"I was at work and I couldn't see," one patient said. "It was like, my eyes were blurry, so I drove myself to WakeMed to the emergency room and they diagnosed me with type 2 diabetes."
The patient told Eyewitness News she did not want to be identified in case he employer recognized her. She said Wednesday was her first time at the new Alliance Medical Ministry.
"I don't know what I would have done without them because with the co-pay and the medicine, the insulin that they put me on is regularly $100 and they helped me get it," she explained. Ten dollars is what I paid for it."
She is one of almost two million people across the state without health insurance.
"I can't tell you the last time I went to the dentist," she said. "I can't afford it."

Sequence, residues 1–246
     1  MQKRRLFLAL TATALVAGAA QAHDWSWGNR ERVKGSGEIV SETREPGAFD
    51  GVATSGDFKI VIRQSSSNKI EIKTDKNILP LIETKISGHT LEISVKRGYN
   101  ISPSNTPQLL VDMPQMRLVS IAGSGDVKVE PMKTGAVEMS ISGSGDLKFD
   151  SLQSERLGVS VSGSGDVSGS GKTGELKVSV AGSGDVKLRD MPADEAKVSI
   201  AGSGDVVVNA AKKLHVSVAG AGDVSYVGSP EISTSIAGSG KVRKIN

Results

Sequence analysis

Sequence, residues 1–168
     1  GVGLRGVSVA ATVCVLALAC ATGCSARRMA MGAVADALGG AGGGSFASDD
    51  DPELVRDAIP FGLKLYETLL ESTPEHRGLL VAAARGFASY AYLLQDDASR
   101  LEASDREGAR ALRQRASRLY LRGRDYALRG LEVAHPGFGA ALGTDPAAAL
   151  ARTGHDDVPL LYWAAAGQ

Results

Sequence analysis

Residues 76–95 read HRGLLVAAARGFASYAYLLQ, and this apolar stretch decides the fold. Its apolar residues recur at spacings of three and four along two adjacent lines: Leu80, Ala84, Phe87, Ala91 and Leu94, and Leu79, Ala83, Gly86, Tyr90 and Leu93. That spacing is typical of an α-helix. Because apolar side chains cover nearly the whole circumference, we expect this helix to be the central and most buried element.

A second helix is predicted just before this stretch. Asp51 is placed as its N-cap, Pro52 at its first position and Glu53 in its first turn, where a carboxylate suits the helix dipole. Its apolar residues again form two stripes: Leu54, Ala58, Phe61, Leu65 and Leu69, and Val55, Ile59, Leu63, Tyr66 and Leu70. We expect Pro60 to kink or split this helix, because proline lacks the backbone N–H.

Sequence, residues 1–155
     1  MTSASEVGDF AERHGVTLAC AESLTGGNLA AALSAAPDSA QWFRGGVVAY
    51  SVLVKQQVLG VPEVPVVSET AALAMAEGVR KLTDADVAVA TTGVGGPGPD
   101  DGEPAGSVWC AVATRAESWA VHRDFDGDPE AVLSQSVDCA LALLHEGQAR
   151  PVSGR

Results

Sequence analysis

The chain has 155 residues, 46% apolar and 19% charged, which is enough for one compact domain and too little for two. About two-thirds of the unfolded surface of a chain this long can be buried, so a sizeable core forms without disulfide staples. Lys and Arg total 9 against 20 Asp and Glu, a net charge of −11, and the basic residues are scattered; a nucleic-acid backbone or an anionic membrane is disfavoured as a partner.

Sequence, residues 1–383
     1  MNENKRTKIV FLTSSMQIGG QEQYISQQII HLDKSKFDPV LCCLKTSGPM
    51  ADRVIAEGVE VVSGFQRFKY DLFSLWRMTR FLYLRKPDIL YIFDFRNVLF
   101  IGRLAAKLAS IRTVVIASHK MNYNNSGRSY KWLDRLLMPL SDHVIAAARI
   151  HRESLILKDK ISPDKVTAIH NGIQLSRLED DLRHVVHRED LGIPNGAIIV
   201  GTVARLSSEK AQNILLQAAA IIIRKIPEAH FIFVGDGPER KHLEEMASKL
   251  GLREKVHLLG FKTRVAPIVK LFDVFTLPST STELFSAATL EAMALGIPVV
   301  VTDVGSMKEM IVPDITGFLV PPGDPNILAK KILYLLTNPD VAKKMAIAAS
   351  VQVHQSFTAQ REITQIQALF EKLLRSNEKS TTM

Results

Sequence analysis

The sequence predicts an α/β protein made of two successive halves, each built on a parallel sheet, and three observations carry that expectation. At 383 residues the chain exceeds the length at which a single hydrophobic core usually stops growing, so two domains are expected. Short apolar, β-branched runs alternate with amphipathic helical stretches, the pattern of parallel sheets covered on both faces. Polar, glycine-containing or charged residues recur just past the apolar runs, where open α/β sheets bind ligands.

That number has grown so much that Alliance Medical Ministry recently opened a new acute care clinic and expanded its hours.
"Well, the need is overwhelming, it's indisputable," said Sean Harrison with the Alliance Medical Ministry. "There are just so many folks who don't have access to basic medical care let alone a primary healthcare home. I see it in patients that smile and patients that cry because they're so impacted."
"I mean, I think what he's trying to do is good to help people," the patient said. "I just think that it's got to be more. I mean, I'm not the only person out there that's uninsured."
Alliance Medical Ministry charges on a sliding scale based on income. Visits are usually $10 to $25.